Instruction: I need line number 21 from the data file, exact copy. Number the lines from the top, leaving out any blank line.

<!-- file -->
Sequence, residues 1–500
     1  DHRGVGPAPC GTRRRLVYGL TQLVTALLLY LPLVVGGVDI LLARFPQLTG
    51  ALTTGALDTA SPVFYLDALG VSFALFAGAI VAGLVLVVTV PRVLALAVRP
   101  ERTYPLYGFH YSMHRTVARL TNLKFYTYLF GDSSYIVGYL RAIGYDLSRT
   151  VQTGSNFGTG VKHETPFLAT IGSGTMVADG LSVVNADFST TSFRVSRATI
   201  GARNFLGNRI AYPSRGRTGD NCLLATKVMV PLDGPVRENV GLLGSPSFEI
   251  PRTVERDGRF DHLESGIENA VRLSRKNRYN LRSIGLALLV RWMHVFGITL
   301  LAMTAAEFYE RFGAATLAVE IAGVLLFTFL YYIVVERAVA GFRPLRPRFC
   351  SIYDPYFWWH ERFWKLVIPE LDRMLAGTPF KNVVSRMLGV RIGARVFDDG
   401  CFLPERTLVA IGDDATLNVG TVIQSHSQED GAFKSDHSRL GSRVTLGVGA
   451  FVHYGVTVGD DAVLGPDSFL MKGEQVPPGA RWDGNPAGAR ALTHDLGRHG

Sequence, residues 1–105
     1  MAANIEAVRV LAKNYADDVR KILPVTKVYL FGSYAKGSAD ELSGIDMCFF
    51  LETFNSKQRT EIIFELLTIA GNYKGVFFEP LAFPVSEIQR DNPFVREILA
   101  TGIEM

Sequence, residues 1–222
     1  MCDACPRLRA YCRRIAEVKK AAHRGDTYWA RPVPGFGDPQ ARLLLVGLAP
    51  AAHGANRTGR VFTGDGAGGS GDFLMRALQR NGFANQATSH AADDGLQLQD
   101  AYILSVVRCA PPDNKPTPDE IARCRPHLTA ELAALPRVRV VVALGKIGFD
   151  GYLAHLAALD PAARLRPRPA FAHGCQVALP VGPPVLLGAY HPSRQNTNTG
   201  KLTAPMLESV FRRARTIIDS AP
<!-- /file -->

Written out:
   201  KLTAPMLESV FRRARTIIDS AP